In the Spring of 2019, the Kluge-Ruhe Aboriginal Art Museum at the University of Virginia received a donation of a hundred or so fiber objects from Louise Hamby, an anthropologist who has spent many decades researching fiber work in Arnhem Land, located in the northeast corner of Australia’s Northern Territory. From this donation, an exhibition was put together by six undergraduate students, with significant guidance from both Hamby and visiting fiber artists Lucy Malirrimurruwuy Waṉapuyŋu and Anna Ramatha Malibirr. The exhibition, called With Her Hands: Fiber Art from Gapuwiyak, honors the artistic excellence of fiber work, as well as the ingenuity and accomplishment of women makers.
In the EuroAmerican art world, fiber works have traditionally been placed into the categories of “craft” and “women’s work.” Aboriginal bark paintings produced by men, for example, have been given precedence as both artistic masterworks and as indexes of cultural knowledge, and it is only recently that “craft” forms such as those in With Her Hands have gained recognition for their artistry. Yolŋu people, however, do not subscribe to the same western binaries that separate art and craft. Instead, art objects and practices are part of everyday life and constitute one of the central sites of cultural knowledge in the form of ceremony, daily use, and kinship relationships.
Missionaries arrived in Arnhem Land in the early twentieth century, bringing with them the tastes and needs of the European market. They encouraged Yolŋu fiber artists to alter their techniques and materials—eliminating ochre paint, flattening mats, introducing coiling—in order to make their art more desirable for consumers, and also to bring women makers more in line with western Christian standards of production. Arnhem Land fiber artists integrated these new styles into their practice, in order to take part in larger markets and to produce new and innovative forms.
The fiber art that is produced in Gapuwiyak today preserves many of the practices and meanings that existed before the arrival of missionaries; traditions that will continue to be passed down to future generations of artists. Along with these traditional foundations, women also bring new elements—materials, techniques and forms—that draw on the techniques they have learned for market demands. This fusion has resulted in unique functional bathi (container forms) such as string bags and twined and coiled baskets, as well as striking ornamental forms such as the crocodile and dolly-dolly figures.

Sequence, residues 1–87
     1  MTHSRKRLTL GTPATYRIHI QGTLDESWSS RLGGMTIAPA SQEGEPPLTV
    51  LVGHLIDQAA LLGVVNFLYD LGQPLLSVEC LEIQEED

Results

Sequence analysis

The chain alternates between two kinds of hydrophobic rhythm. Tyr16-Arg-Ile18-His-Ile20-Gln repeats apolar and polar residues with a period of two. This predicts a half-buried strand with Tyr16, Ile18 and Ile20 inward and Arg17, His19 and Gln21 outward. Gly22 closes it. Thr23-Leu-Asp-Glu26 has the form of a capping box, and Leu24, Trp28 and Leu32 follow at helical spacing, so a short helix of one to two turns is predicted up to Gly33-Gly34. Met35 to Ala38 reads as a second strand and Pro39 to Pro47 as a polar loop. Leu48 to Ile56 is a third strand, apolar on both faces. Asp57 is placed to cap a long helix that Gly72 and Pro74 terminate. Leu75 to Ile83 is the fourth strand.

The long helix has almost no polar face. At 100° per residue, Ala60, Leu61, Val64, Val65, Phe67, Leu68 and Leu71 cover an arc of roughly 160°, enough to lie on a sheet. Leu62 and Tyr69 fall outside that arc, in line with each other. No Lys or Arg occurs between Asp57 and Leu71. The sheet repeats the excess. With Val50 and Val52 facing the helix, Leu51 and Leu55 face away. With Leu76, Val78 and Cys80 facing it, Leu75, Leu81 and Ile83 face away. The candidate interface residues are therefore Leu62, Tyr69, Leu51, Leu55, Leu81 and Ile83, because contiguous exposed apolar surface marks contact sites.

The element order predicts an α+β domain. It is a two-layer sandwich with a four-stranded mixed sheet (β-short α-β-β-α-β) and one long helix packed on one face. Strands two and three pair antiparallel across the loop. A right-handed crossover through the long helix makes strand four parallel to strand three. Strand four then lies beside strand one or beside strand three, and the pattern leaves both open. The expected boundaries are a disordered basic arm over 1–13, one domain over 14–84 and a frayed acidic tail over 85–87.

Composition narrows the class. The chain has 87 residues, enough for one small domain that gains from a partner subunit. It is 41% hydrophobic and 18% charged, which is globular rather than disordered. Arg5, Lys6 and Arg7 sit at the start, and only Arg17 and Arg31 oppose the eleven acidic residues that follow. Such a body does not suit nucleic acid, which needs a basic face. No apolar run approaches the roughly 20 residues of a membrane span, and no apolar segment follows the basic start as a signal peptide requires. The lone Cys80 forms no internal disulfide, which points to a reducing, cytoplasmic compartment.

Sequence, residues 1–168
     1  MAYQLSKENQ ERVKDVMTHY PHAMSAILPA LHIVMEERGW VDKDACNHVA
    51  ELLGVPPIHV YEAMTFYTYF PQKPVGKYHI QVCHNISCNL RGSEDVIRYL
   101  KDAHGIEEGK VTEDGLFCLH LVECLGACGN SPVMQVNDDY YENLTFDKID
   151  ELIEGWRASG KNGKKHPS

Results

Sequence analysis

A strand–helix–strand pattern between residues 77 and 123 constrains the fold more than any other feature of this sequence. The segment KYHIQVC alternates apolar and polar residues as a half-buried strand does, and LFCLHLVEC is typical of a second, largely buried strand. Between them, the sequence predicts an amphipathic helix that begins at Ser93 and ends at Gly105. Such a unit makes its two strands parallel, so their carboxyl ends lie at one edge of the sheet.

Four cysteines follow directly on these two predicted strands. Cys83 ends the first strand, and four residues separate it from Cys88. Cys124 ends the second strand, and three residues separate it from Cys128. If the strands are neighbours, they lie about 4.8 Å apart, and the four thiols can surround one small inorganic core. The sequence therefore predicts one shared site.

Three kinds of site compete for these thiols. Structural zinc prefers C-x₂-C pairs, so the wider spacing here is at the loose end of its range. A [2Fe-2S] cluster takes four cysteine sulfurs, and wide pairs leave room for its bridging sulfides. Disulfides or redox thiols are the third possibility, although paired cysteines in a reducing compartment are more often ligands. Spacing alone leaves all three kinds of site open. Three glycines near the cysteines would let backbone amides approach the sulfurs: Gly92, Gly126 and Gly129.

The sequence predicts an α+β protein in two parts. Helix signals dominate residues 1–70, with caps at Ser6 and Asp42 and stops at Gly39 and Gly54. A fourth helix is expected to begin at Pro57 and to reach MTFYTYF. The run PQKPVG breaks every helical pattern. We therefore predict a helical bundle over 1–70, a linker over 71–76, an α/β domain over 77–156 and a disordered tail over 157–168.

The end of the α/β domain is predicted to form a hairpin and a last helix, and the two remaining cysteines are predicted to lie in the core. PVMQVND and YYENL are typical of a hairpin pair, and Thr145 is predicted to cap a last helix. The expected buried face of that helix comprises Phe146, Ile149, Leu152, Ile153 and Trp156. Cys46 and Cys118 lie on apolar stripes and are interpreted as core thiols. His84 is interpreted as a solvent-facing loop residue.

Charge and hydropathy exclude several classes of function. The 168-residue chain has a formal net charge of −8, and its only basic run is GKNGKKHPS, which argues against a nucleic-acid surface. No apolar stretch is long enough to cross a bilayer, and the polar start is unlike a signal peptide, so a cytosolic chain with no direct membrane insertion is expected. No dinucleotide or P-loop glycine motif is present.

During a three-week visit to the Kluge-Ruhe, Lucy, Anna and Louise taught everyone first-hand about the production and meaning of the works in the show, some of which were made by Lucy many years ago. Their knowledge and skill has been an invaluable resource to the curators as they studied fiber art from Gapuwiyak and brought the exhibition to life, and also to the creation of this video. Something especially important that I came to understand during this time is how much there is to learn about each individual artwork—each piece tells the story of a person, a family, a community, a land, and a culture.
Hamby, Louise. 2010. Containers of Power: Women with Clever Hands. Richmond, VIC: Utber and Patullo.
Hamby, Louise. 2001. Art on a String: Threaded Objects from the Central Desert and Arnhem Land. Sydney: Object-Australian Centre for Craft and Design.
Isaacs, Jennifer. 1980. Australian Dreaming: 40,000 Years of Aboriginal History. Lansdowne Press.
Mason, Otis Tufton. 1976. Aboriginal American Indian Basketry: Studies in Textile Art Without Machinery. Brand: Peregrine Smith, Inc.
Morphy, Howard. 1991. Ancestral Connections: Art and an Aboriginal System of Knowledge. Chicago: University of Chicago Press.
I am so grateful to Louise Hamby for donating this incredible collection of fiber art to the Kluge-Ruhe Museum, and to, Anna Ramatha Malibirr, Lucy Malirrimurruwuy Waṉapuyŋu, and Silke Roth (former manager of the Gapuwiyak Culture and Arts Centre), for their willingness to answer my questions. It has been a gift to spend time with, learn about, and work with these artists.
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